Norfolk, Suffolk and Essex are less well-known to visitors than some parts of England, the scenery being gentle rather than impressive, but immortalised in music by Vaughan Williams (Norfolk Rhapsody) and Britten (Sea Interludes). The villages and small towns are characterised by timber-framed houses and wonderful medieval flint churches, the finest in the country. If you watched Lovejoy you will have an idea of what is in store for USOC members next May. We travel to Stansted and stay for two nights in Bury St. Edmunds - one of England's nicest country towns boasting not only two four manual organs within earshot of each other but the smallest pub in the world. We shall visit Norwich - "The Fair City" - with its wonderful Norman Cathedral, a parish church for each Sunday of the year and a pub for every day (so it is said), Harwich - a great naval port at one time, redolent of Pepys (who was its MP) and full of Dickensian streets and houses, and Colchester - the oldest town in England, from whence came Olde King Cole, Humpty Dumpty and your President...

There are organs to suit all tastes, including Chelmsford Cathedral (where Vice President Tim Allen was once Assistant Organist) with its brand new pair of Mander organs. Here are some from which we hope to make our selection:-

Historic: Framlingham (outstanding Thamar case and old pipes in fine restoration by Bishops'), Thaxted (two organs, one unaltered 1821 3m Lincoln, the other with a G.P England case), Little Bardfield (Renatus Harris case, organ by Gray, 1820, in archaic style), Wymondham Abbey (two late 18th century organs by Davies of London), Harwich (2m Flight, recently restored).

Victorian: Great Bardfield and Radwinter (important Tractarian cases with organs to match), South Pickenham (stunning Puginesque case, organ a copy of medieval instrument at Kiedrich in the Tyrol), Haverhill Old Independent (superb 3m Binns), St. Peter, Sudbury (ditto 3m Lewis & Co.)

Romantic: Holbrook School (4m Hill, Norman & Beard of 1933, probably their finest work in the style, in superb acoustics), St. Mary's, Bury St. Edmunds (4m HN&B), Colchester Moot Hall (3m Norman & Beard 1904 in the grand style - as is the building), and St. Leonard-at-the-Hythe (2m Walker 1908).

Modern: St. Peter Mancroft, Norwich (3m Peter Collins), Walsingham Parish Church & St. Botolph, Colchester (2m & 3m Arnold, Williamson & Hyatt respectively - pioneer modern tracker instruments by a local firm), Walsingham RC Shrine (2m Schumacher), Saffron Walden (3m HN&B, now being "done up" by David Wells).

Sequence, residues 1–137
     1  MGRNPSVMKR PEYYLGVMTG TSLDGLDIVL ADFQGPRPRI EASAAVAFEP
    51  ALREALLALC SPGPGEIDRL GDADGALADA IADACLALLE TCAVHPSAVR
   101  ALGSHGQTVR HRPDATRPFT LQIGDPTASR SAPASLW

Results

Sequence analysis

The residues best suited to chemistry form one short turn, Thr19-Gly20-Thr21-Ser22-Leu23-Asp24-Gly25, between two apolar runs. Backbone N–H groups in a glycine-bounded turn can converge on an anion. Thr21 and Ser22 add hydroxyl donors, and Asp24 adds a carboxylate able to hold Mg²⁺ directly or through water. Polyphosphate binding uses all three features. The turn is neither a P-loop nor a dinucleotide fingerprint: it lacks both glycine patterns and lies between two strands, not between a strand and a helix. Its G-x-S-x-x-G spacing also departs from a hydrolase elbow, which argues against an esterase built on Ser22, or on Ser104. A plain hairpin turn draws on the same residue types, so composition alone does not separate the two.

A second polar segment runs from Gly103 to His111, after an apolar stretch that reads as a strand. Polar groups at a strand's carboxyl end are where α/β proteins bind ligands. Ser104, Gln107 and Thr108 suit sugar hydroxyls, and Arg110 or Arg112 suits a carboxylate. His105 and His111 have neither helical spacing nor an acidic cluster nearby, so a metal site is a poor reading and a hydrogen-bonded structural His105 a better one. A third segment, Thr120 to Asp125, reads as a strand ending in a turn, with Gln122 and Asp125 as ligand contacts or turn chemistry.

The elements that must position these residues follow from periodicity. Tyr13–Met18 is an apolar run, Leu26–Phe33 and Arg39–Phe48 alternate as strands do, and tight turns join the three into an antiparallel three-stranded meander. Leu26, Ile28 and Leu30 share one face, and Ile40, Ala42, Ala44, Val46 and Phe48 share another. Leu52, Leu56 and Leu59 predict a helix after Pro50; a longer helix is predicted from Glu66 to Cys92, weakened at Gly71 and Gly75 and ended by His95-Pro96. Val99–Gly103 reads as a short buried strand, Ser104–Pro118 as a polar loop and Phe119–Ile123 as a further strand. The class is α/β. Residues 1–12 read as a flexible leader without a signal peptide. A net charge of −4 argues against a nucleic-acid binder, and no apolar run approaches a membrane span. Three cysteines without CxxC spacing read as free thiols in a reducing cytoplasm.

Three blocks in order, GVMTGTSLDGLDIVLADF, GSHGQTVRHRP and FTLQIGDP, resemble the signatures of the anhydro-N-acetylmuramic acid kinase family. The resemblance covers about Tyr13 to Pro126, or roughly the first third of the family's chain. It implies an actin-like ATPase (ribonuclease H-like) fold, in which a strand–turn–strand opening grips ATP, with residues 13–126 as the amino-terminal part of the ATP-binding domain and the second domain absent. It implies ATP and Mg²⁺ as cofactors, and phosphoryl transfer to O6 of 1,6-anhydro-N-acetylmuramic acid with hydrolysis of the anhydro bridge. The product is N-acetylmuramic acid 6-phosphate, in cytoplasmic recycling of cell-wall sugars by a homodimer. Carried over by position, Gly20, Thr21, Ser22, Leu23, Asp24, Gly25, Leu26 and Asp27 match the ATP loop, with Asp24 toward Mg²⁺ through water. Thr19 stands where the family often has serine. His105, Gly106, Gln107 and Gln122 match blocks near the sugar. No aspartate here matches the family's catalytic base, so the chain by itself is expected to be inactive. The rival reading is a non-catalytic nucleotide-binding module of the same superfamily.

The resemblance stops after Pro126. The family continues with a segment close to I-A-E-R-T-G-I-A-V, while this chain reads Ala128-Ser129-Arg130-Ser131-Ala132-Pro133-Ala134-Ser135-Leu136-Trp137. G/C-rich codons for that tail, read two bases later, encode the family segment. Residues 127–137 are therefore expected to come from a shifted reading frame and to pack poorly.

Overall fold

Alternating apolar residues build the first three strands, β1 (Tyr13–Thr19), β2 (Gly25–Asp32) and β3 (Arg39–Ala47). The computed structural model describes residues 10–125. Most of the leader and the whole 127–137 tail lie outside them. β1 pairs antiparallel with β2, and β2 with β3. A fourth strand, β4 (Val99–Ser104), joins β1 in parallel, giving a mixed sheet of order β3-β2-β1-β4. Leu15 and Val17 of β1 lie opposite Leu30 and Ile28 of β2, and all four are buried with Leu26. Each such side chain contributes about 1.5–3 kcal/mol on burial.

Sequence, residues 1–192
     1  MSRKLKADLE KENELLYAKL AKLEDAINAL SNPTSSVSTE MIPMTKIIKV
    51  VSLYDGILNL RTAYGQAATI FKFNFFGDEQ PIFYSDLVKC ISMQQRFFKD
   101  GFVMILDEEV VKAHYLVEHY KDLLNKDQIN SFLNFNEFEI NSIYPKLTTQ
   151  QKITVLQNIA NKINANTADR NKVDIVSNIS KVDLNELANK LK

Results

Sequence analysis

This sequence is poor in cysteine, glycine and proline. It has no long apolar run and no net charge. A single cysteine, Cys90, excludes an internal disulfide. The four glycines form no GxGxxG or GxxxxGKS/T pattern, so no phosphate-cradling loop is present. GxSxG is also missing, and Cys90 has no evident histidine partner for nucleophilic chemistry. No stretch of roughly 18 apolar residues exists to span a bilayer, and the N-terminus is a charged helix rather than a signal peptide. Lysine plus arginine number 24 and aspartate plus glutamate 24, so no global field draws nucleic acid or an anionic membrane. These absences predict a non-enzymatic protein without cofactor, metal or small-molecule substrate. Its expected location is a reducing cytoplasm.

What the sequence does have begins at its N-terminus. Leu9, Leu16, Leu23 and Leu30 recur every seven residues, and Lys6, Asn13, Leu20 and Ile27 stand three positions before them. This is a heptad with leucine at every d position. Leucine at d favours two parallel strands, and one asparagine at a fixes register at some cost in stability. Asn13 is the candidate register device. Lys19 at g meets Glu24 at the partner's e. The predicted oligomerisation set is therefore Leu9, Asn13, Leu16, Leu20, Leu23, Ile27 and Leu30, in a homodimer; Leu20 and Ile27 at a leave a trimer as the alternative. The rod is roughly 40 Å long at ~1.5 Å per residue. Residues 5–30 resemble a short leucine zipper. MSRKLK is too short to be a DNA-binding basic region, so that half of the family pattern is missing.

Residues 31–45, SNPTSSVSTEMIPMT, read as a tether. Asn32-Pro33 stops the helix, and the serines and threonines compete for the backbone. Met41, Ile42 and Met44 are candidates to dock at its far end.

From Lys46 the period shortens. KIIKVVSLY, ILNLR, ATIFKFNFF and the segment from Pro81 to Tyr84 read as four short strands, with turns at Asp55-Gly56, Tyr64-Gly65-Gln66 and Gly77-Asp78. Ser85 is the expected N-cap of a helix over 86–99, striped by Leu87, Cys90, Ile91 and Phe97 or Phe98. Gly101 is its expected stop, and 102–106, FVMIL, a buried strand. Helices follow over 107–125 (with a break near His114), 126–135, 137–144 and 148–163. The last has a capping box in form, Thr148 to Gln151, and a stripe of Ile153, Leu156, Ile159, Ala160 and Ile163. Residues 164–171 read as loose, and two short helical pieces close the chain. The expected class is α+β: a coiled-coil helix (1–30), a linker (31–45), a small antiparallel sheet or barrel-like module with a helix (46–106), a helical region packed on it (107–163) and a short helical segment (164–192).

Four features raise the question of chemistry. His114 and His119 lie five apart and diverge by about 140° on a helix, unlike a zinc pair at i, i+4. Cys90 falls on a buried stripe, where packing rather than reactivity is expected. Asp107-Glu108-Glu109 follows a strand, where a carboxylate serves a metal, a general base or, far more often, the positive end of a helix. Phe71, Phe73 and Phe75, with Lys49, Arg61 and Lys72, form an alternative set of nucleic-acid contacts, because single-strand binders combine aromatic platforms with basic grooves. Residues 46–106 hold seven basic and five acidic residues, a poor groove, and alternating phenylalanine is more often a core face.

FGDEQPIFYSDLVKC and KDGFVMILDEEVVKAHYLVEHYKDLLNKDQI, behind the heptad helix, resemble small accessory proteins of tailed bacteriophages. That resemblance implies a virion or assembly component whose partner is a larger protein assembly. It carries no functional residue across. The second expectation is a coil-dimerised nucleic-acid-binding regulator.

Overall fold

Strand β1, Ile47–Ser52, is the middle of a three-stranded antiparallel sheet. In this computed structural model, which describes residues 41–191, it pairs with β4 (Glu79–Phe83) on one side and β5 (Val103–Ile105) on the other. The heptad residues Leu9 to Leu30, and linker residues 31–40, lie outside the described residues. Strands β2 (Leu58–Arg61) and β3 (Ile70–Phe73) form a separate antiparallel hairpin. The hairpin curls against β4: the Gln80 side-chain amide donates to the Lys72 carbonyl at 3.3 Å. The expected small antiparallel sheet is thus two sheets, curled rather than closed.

Cathedral: Bury St. Edmunds (4m Nicholson), Norwich (enormous 4m HN&B), Chelmsford (two new organs, one 4m, one 3m, by Mander in the style of Hill), Brentwood RC (3m Percy Daniel rebuild of an old Hunter in a magnificent new cathedral by Quinlan Terry).

Wurlitzer!: Thursford and Cotton.

The award-winning Thursford Museum in addition to its 3/21 Wurlitzer possesses what is probably the largest collection of mechanical organs in the UK.



At the modern, well-appointed Butterfly Hotel, Bury Saint Edmunds; all rooms en suite.


Jersey European Flight to Stansted, departing Belfast International Airport (Aldergrove) at 0700 on Saturday 2nd May, returning to N Ireland at about 2100 the following Monday (4th May). For members wishing to extend their stay it will probably be possible to obtain return flight tickets for a later date.


240.00 per person including:
Two nights dinner, bed and breakfast accommodation at the Butterfly Hotel; lunches en route; Return flight tickets and private coach transport throughout the weekend.

Single rooms available at a supplementary charge of 26.00 per person.


Complete the reply-slip below and return it to the Honorary Secretary by 30th November with deposit.of 40.00 per person. Balance due by 31st March 1998.


Please reserve ______ place/s for me and for ____________________________________________

As a deposit a cheque (payable to USOC) for _______ is enclosed. (40.00 per person)

*I shall be willing to share a twin-bedded room with _______________________________________

*I shall require a single room.

*Delete as appropriate.

I should like to return from Stansted on _________________________________________________

Member's Name: _______________________________ Tel No: ___________________________

Return not later than 30th November to the Honorary Secretary:
R S Bambrick, 1B Beverley Hills, Bangor, BT20 4NA.

Archive Page Home Page